(H) Summary of DHPG-evoked current (right) and Ca2+ (left) responses (n = 26 in WT and n = 30 in TRPC3-/- mice).
(I) Dendritic Ca2+ transients evoked by synaptic simulation in the two genotypes as indicated.
(J) Mean amplitudes of Ca2+ transients normalized to the first amplitude for ten subsequent stimuli in WT (n = 4 cells) and in TRPC3-/- mice (n = 6 cells). Error bars indicate SEM.

Jana Hartmann, et al. Neuron. ;59(3):392-398.
3.
Figure 1

Figure 1. mGluR-Mediated Purkinje Cell Signaling in the Absence of TRPC1 and TRPC4 Subunits. From: TRPC3 Channels Are Required for Synaptic Transmission and Motor Coordination.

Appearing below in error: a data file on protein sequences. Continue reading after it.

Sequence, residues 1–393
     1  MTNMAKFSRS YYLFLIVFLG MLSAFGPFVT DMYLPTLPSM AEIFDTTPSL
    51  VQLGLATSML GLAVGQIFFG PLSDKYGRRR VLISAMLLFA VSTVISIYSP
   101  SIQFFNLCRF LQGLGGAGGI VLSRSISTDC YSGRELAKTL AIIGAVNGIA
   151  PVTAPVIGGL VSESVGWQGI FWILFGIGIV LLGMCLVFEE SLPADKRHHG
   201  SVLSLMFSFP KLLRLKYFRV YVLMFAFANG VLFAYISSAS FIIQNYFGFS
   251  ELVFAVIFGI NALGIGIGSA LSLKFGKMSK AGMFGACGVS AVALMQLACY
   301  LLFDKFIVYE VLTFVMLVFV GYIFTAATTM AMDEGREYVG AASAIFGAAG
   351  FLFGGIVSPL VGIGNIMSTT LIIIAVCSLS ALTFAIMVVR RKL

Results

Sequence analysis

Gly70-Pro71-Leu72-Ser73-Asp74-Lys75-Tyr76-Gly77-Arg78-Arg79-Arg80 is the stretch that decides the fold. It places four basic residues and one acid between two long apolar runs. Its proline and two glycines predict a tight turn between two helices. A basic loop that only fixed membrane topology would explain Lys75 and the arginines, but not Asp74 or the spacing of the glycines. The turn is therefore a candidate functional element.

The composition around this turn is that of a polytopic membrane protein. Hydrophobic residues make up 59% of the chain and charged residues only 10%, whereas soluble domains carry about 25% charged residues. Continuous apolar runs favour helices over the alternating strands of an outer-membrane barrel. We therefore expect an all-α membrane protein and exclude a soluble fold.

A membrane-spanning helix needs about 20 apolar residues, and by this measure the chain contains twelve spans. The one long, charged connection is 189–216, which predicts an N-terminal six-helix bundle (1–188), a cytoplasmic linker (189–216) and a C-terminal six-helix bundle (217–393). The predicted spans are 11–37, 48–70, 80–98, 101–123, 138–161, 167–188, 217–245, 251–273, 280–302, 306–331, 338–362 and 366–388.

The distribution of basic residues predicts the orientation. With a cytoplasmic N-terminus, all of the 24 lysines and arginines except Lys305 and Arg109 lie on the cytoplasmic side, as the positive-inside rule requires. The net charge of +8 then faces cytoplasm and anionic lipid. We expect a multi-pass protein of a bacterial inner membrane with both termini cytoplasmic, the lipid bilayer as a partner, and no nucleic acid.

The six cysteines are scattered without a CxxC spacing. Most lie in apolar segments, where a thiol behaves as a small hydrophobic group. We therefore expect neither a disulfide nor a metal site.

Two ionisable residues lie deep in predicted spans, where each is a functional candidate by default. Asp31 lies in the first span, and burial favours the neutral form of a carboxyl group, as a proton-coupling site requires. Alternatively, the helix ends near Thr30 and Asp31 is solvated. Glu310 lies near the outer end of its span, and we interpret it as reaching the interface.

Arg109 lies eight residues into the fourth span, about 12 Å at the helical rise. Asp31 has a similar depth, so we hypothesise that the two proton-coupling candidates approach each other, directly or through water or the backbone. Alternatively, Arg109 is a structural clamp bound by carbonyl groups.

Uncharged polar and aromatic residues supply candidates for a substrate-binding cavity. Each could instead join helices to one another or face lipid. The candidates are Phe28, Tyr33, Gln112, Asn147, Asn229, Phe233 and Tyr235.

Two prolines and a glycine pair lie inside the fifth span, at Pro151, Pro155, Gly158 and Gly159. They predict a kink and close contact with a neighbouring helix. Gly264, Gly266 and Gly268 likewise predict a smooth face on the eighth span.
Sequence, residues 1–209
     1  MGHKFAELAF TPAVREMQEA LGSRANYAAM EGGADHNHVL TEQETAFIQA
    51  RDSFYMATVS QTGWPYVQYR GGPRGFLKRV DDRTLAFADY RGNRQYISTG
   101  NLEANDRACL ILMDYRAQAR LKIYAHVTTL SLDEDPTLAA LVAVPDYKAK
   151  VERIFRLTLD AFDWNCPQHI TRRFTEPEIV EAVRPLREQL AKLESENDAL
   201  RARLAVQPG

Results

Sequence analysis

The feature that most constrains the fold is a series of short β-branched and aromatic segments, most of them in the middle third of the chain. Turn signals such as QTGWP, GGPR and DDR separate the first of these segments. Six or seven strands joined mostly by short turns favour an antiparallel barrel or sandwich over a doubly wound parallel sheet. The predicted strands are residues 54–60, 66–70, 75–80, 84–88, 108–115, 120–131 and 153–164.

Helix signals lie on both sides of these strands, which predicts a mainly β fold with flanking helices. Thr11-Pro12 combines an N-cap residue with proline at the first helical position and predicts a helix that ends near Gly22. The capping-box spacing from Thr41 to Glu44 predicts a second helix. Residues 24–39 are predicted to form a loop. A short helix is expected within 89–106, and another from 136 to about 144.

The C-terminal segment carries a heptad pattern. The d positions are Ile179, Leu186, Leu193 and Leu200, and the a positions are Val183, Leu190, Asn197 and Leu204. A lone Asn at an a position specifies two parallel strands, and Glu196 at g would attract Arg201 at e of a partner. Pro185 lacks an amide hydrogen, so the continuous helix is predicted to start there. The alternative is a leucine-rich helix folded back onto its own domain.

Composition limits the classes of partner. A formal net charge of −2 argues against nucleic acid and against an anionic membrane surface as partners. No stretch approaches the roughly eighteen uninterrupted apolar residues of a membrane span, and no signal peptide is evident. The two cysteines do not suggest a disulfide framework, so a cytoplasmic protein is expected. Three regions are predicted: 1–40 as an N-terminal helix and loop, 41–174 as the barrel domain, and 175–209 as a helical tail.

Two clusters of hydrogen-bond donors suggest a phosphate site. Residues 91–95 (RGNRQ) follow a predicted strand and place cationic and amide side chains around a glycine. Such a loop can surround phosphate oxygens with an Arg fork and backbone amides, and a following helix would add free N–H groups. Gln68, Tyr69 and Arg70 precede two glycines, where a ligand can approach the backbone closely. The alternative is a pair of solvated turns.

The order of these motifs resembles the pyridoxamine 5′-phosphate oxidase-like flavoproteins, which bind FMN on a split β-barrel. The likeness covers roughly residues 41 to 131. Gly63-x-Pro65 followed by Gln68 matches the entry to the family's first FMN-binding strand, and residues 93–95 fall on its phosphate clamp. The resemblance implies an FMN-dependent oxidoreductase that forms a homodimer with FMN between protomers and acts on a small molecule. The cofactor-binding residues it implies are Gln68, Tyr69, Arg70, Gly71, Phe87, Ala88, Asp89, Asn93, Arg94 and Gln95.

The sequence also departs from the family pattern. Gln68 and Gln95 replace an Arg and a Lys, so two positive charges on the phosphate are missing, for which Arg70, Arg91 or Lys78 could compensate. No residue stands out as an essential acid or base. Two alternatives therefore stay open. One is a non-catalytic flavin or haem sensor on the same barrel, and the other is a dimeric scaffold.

(A) Confocal image of a patch-clamped Purkinje cell in a cerebellar slice from a wild-type (WT) mouse. The site of electrical stimulation (stim) is shown at higher magnification in (B). (B) Pseudocolor image of a synaptic Ca2+ signal evoked by parallel fiber (PF) stimulation. (C) Black traces: PF-evoked (five pulses, 100 Hz, in 10 μM CNQX) synaptic response consisting of an early rapid and a slow EPSC (bottom) and a Ca2+ transient (top). Red traces: Block of slow components by CPCCOEt (200 μM). (D) (Left) Slow EPSC (ten pulses, 100 Hz in 40 μM CNQX) in a WT mouse (lower trace) and the corresponding local Ca2+ response (upper trace). (Right) Pressure ejection of DHPG (200 μM for 100 ms) evoked a slow inward current (lower trace) and a local Ca2+ transient (upper trace). Similar experiments performed in TRPC1-knockout (E) and in TRPC1/TRPC4 DKO mice (F) using PF stimulation (left panels; 15 pulses, 50 Hz) and local DHPG pressure application (right panels; 1 mM, 100 ms), respectively. (G and H) Summary of the results obtained in WT and TRPC1-/- mice (mean ± SEM; [G]: n = 16 and n = 22 for synaptic transmission, n = 38 and n = 30 for DHPG applications in WT and TRPC1-/-, respectively) and in TRPC1/4 DKO mice ([H]: n = 12 and n = 21 for synaptic transmission, n = 13 and n = 8 for DHPG applications in WT and TRPC1/4 DKO, respectively). Responses in mutants were not significantly different from those in WT (Student’s t test).